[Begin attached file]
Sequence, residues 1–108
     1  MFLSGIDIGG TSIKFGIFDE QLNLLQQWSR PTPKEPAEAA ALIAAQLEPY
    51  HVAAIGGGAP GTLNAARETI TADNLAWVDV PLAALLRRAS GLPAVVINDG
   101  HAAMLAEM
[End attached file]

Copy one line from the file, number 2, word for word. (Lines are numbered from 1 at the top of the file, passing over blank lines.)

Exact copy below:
     1  MFLSGIDIGG TSIKFGIFDE QLNLLQQWSR PTPKEPAEAA ALIAAQLEPY